Playground Taunts

Background: The performer is my college roommate and friend. She spent the first fifteen years of her life in Minneapolis, Minnesota before moving to Thousand Oaks, California for high school. She is currently in her twenties and attends school at the University of Southern California.

Main Text:

“Brick Wall

Waterfall

Boy you think you got it all

You don’t

I do

So poof with the attitude

Loser, whatever

Flyaway forever

Where’d you go?

Loserville

Population? You!”

Context: The performer explained that traditionally this taunt was chanted in elementary school, usually from the age ranges of eight to eleven. She explained that most of the time, they chanted it on the back of the bus on the way home from school, usually with friends. She mentioned a social heirachy on the bus, which stemmed from the fact that children were all different ages but lived in the same area, so the third graders, who didn’t like the fourth graders and so on, would chant it back and forth in a playfully “mean” manner. Sometimes it was targeted at a specific person and other people would join in.

Thoughts: Growing up in a different state from the performer, I had not heard this chant before, nor did I ever take a bus to elementary school. Still, I think the chant is amusing, especially looking at how it eases tensions for young children in a way that isn’t violent or truly hurtful. Instead they trade somewhat playful stock insults, which other children are encouraged to join in on. I wonder if there was a standard rebuttal phrase the performer and her friends would use if others sang this at them. The comment about the age-related hierarchy is also interesting, presumably because this sort of chant would only be learned by listening to old kids singing it. In addition to the lyrics, the performer had simple hand motions to accompany the lyrics (“where’d you go”/shrug, “population, you”/pointing at other person).

Violent Barney Song Parody

Main Piece:

(to the tune of the Barney Theme Song)

“I hate you

You hate me

Let’s get together and kill Barney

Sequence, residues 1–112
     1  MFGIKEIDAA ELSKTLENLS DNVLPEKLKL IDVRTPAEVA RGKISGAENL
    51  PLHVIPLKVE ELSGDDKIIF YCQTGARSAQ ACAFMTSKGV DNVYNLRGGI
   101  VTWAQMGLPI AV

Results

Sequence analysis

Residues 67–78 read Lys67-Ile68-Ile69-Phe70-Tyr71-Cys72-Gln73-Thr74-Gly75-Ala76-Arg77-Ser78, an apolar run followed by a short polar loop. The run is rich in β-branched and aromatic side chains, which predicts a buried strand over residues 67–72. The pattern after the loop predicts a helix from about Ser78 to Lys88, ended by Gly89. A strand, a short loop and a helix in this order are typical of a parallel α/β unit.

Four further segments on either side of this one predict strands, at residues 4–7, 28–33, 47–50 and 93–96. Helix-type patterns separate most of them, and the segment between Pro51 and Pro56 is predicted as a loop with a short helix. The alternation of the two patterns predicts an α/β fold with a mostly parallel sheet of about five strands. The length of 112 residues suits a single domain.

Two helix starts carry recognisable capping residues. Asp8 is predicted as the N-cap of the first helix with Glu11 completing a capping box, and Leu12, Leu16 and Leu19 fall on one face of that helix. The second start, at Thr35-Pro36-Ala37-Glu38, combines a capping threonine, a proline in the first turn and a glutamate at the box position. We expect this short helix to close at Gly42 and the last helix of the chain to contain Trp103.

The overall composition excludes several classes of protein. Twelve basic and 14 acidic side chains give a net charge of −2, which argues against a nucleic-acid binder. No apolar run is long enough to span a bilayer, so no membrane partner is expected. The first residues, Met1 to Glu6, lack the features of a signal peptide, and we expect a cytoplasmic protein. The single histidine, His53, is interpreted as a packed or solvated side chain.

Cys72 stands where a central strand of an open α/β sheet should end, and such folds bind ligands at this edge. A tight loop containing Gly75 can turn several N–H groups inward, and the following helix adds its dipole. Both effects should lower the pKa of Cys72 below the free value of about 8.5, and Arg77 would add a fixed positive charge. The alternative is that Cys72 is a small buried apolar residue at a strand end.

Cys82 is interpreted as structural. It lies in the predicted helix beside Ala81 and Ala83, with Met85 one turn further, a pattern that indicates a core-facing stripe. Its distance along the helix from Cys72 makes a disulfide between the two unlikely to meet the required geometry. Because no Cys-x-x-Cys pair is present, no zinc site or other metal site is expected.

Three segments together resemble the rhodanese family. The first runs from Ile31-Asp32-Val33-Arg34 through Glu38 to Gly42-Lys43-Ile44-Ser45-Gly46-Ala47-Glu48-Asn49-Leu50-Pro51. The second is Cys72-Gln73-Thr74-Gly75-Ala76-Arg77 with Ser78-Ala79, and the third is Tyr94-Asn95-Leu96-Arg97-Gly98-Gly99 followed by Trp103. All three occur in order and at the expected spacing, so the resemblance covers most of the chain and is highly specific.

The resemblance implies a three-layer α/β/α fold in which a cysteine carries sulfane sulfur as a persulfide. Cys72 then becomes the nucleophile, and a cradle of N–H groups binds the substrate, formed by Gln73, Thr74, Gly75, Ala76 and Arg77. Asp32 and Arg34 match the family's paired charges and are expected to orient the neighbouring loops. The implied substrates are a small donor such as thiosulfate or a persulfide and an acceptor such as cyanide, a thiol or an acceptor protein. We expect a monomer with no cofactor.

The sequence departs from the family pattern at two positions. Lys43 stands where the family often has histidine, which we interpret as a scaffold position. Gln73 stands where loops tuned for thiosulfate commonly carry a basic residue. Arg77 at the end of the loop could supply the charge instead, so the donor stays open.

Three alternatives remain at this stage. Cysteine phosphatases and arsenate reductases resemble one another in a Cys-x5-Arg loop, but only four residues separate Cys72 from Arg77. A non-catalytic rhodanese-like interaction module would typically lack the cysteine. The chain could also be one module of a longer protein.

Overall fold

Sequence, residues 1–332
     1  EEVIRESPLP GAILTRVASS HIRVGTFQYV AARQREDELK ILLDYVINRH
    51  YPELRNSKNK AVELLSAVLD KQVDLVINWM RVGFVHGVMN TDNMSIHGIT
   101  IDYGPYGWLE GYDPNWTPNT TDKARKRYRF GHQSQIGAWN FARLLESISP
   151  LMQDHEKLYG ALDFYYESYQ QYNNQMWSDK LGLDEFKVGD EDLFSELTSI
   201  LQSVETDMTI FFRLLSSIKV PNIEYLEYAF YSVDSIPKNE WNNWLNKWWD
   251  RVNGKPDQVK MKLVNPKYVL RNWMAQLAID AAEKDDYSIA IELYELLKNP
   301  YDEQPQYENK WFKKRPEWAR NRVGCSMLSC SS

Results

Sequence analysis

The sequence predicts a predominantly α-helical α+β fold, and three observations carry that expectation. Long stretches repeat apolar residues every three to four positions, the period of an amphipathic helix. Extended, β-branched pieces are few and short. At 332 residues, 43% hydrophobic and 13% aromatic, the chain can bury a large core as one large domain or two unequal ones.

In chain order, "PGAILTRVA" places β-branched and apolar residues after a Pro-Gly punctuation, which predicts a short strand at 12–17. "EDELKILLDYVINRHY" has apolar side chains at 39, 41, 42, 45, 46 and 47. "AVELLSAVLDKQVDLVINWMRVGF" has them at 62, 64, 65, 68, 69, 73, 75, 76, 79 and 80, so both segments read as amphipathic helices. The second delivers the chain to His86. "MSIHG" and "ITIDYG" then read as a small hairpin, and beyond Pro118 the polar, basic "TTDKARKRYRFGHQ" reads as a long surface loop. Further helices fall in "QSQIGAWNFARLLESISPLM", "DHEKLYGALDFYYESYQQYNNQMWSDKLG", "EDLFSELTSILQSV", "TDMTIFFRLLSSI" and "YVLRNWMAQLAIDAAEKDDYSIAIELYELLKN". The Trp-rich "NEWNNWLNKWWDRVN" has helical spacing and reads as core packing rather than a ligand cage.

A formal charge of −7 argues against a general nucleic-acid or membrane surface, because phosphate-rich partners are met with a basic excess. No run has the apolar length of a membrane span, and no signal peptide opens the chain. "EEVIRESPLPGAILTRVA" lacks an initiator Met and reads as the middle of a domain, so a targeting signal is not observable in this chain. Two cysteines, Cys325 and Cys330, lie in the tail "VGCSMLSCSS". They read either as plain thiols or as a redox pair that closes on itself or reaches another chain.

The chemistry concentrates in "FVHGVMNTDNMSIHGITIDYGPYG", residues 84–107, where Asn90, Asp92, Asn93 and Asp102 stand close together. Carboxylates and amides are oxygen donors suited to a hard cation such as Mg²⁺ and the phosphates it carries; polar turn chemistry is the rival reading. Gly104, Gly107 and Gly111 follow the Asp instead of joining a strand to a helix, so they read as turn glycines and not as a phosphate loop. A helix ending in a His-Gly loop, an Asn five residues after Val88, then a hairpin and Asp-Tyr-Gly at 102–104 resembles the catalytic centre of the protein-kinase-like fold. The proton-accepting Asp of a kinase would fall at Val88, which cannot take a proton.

With a baseball bat and two-by-four

No more purple dinosaur!”

Background: The performer is a friend of mine in his early twenties. He spent his entire childhood in Long Beach, California and now lives in Tacoma, Washington. He went to public school in the Long Beach Unified School District from kindergarten through twelfth grade, and his elementary school (grades kindergarten through fifth) had around five hundred kids in it.

Context: The informant hadn’t sung the song since elementary school, but he was willing to perform it for me anyways. In a traditional context, the Barney spoof would be sung on the blacktop by children ranging from seven or eight years old all the way through elementary school (10 to 11). A remembers learning it from kids a few years older, hence the dark material.  After singing it, A seemed a bit embarrassed and shocked at his parody and asked me why we all had such animosity for Barney in particular.

Thoughts: Though I did not attend the same elementary school as the informant, I can remember similar violent Barney songs. I wonder if the informant’s school had ever tried to ban them the way mine did for their violent and sometimes gory rhetoric. It’s strange how it seems so disturbing now; A and I both thought the songs were very funny as children. I suspect that Barney was a popular target because of his infantilizing dynamic and dopey voice, as opposed to other childhood PBS characters like. Elmo or Dora the Explorer. Anti-Barney humor is actually a well-recognized phenomenon, in both adult and children folk groups alike. For young children, the violent humor can be a way of navigating changing worldviews and increasing maturity—the graphic gore or death taunts are a schoolyard form of taboo humor, a way of rebelling against previously held-notions of childhood and asserting that they are more mature than parents, teachers, and popular children’s shows might regard them.